- Hospitals are experiencing a "massive surge" in expenses for items such as labor, drugs and supplies amid rising inflation, the American Hospital Association said in a report on Monday.
- Labor is a particular stressor, making up more than half of hospitals' total expenses. Overall, hospital labor expenses per patient increased almost 20% from 2019 to 2021, the AHA said.
- The powerful hospital lobby urged Congress to help address these headwinds by adding money to the provider relief fund and creating flexibility on advanced Medicare repayments, among other items.
In the report, the AHA warned the current trajectory for hospital expenses isn't sustainable. Given labor's outsized impact on hospitals' expenses, "even a slight increase in these costs can have significant impacts," the AHA said.
Prior to the pandemic, hospitals spent about 4.7% of labor expenses for nurses on contract travel nurses. That figure grew to about 39% in January, according to the report.
"The dramatic rise in costs of labor, drugs, supplies and equipment continue to put enormous pressure on our ability to provide care to our patients and communities," AHA President and CEO Rick Pollack said in the statement.
The pandemic has put an unprecedented toll on the nation's healthcare system, while much of the financial relief sent to hospitals was delivered before the two latest COVID-19 waves, according to the hospital lobby.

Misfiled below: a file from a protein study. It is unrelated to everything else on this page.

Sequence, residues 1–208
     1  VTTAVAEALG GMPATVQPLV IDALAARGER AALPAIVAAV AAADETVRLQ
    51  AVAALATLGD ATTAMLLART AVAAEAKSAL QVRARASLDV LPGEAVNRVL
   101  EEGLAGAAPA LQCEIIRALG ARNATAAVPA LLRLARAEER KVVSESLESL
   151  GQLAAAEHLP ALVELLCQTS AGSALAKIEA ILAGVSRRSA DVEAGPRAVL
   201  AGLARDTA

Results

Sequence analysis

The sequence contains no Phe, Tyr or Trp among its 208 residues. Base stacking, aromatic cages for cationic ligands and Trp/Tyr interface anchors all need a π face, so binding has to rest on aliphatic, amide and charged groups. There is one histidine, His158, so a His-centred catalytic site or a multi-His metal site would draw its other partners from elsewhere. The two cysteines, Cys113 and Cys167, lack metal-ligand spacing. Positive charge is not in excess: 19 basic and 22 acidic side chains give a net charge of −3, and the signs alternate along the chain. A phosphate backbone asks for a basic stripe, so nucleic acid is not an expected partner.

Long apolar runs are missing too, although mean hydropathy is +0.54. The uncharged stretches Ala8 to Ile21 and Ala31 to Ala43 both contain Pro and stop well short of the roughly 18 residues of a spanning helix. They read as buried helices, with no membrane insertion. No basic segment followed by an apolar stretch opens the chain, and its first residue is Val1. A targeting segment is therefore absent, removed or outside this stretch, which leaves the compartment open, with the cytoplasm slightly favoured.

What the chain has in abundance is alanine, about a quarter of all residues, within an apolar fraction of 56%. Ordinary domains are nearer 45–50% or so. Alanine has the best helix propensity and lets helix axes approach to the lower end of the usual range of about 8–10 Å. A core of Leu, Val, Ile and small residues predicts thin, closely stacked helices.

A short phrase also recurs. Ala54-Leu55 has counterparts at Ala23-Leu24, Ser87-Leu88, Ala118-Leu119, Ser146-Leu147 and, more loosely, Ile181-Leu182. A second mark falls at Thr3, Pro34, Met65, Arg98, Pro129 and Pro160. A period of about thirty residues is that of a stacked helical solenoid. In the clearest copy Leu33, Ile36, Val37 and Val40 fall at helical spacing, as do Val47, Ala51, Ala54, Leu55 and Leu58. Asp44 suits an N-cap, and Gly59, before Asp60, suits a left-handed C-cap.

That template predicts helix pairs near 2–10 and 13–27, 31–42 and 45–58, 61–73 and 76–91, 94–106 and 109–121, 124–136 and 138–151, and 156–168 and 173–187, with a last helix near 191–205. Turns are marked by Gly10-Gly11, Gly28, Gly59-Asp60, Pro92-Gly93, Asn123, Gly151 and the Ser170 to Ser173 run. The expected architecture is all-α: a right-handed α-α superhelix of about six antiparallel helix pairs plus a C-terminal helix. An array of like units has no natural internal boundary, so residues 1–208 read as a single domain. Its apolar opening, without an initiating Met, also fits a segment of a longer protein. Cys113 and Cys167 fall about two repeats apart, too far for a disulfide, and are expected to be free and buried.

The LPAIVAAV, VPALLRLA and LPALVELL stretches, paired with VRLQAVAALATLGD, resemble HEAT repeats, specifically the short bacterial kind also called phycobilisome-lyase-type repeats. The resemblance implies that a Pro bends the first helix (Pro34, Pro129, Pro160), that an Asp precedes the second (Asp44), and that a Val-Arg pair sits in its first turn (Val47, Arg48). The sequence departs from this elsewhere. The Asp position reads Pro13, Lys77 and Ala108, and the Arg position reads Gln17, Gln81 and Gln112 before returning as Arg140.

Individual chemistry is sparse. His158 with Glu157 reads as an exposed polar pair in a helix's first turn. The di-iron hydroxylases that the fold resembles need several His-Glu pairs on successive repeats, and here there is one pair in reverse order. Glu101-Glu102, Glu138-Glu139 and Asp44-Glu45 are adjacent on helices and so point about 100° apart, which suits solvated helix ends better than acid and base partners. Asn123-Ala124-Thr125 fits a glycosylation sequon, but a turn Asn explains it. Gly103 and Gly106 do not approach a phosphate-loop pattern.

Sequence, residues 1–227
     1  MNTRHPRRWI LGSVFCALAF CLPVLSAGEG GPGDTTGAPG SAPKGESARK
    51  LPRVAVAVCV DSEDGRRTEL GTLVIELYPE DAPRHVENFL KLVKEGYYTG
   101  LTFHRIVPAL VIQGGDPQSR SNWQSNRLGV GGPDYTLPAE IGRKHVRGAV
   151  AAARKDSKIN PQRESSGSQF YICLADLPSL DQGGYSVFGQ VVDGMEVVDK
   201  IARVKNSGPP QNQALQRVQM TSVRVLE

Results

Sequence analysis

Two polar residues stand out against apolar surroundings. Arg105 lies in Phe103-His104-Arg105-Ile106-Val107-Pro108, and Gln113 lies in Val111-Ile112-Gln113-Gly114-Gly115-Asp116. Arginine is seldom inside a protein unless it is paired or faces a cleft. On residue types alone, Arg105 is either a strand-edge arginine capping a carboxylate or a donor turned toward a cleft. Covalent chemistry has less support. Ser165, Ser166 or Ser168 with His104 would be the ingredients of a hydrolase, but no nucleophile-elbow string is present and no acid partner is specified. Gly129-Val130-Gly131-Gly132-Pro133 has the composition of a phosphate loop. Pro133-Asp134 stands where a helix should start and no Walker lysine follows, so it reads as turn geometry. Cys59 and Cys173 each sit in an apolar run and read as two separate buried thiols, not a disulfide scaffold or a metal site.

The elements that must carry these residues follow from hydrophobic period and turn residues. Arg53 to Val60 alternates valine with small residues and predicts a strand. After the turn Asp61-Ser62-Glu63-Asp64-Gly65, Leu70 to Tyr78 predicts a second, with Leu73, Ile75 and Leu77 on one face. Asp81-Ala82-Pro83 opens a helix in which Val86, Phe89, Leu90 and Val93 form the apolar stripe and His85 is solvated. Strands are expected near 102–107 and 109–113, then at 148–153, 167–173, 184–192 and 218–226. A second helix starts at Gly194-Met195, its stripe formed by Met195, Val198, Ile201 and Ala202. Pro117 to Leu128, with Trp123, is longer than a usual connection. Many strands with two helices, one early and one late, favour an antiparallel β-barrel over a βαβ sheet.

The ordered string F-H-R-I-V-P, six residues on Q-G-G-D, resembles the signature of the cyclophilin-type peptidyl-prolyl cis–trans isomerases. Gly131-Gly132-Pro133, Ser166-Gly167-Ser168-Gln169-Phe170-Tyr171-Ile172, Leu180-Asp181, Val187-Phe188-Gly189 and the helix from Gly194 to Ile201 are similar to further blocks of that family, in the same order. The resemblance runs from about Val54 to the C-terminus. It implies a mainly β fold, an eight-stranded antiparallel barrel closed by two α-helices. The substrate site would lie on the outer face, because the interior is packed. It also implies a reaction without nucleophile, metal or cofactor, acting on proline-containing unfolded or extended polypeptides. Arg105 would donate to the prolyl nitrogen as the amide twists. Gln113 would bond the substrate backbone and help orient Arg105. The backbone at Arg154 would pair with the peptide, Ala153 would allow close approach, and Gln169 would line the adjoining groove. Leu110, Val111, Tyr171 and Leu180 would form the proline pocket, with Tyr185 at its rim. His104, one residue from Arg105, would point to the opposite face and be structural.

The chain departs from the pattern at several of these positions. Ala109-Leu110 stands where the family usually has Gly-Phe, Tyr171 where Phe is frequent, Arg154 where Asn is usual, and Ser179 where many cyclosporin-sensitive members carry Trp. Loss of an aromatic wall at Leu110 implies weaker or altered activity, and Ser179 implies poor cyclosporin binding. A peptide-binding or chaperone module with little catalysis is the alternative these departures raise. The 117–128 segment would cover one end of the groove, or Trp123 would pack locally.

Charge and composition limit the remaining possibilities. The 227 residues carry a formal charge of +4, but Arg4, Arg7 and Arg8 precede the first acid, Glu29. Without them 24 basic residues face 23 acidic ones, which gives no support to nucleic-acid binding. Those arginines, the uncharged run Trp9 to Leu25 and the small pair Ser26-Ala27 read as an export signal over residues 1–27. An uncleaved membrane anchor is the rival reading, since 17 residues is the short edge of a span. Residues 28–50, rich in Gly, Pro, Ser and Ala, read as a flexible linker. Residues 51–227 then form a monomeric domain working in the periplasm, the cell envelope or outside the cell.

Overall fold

The strain has led to more than 33% of hospitals operating with negative margins, the group added.
In addition to labor costs, the report outlines how increased drug costs have weighed on hospital finances. Hospital drug costs were about 28% higher at the end of 2021 than before the pandemic, AHA said.
Supply costs also increased about 16% from pre-pandemic levels, according to the report. A previous report also flagged the rise in supply costs. Premier, a group purchasing organization, found that supply costs per patient increased from about $7 before the pandemic to as much as $20.40 during the first year of the outbreak.
Consulting group Kaufman Hall in a report last month said that hospitals were off to a difficult start this year. Operating margins were negative in February for the second consecutive month as facilities battled the omicron variant, it noted, while expenses also remained elevated compared with prior years.